post #5 of 12
Quote:
Originally Posted by mjtomlin View Post

Yes they are very similar in the abstract, but that's not what gets patented. It's the implementation and method (claims) that do and in this example they may be unique enough to allow for two separate patents.

And why shouldn't it patented... If you work hard to come up with a way to carry this out why can't you protect it?

That's an entirely different and way too involved discussion for here. There's lots of rational arguments for treating software or mathematical algorithms differently than real property which has been patentable for hundreds of years. In a nutshell tho regarding this specific patent application there's so many similar patents for the same general idea and dating back as much as 20 years or more it hardly qualifies as "inventive" IMO. Just more clutter in the patent system.
melior diabolus quem scies
Reply
melior diabolus quem scies
Reply
post #6 of 12
Quote:
Originally Posted by Marvin View Post

He doesn't like it when Apple patents things because it means his best bud Google can't copy it without fear of being sued.

Thanks for speaking for me but If you really read my comment it was that not even Google should have received a patent for it IMO. Nor Micron. Nor IBM . Nor Avaya.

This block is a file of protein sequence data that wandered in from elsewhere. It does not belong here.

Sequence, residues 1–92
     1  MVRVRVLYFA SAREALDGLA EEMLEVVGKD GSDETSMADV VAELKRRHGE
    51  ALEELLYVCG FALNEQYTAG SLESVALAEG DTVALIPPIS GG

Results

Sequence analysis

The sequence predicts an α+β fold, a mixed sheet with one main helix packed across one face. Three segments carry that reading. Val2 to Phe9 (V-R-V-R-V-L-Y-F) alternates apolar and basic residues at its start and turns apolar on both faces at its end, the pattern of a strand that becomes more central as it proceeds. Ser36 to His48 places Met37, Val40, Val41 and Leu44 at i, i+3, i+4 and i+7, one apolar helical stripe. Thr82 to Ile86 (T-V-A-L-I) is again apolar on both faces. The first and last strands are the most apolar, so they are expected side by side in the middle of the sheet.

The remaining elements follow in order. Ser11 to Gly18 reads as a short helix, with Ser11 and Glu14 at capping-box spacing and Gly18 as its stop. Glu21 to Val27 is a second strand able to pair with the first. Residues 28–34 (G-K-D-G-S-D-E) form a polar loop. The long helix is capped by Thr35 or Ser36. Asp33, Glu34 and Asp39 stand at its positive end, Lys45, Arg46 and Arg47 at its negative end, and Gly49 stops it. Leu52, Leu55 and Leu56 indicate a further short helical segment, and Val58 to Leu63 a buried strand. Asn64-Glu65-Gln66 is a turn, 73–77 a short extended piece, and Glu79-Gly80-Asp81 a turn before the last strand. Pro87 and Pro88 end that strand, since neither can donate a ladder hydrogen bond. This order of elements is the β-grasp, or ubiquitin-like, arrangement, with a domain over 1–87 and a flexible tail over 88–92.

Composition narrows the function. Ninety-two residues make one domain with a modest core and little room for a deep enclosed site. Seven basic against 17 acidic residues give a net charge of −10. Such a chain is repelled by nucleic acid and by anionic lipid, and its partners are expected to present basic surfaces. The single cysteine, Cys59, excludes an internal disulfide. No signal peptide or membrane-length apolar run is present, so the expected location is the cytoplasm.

EDIT: Of all those the Google one just happened to be the closest match to Apple's application and thus the most pertinent. If Avaya's had been the more identical I would have linked it instead. The name on the patent isn't what important. It's that changing a detail or two shouldn't qualify for a patent as tho it's truly new and inventive. But it doesn't change what I originally said anyway.

"IMHO It's unfortunate that the USPTO allows a patent for something like this anyway."
Edited by Gatorguy - 9/12/13 at 8:02am
melior diabolus quem scies
Reply
melior diabolus quem scies
Reply
post #7 of 12

"ya awl is on mah propty... I gahn ta shu you"

 

Tennessee:  "you are on my property... I am going shoot you"

 

Texas:  "Your Oil is on my property... I am going sue you"

post #8 of 12

When I read this, my first thought was, a "bubba" iphone.  Camouflage outer case, stuffed-dead animal for wallpaper, Larry the Cable guy as the voice of Siri, with Fox news replacing all other news apps and instead of an apple logo on the back, there would be the GOP elephant.  Should sell by the million in the south.  FYI, I live in Dallas.

post #9 of 12
This can come soon enough.
My natural language is Spanish but living in Montevideo, the Spanish of "rio de la plata" is way different than that spoken in places like Mexico or chile, not to mention Spain itself.

It's easier for me to just use English instead of forcing my Spanish to sound Mexican.
post #10 of 12
Quote:
Originally Posted by Gatorguy
IMHO It's unfortunate that the USPTO allows a patent for something like this anyway.

I agree.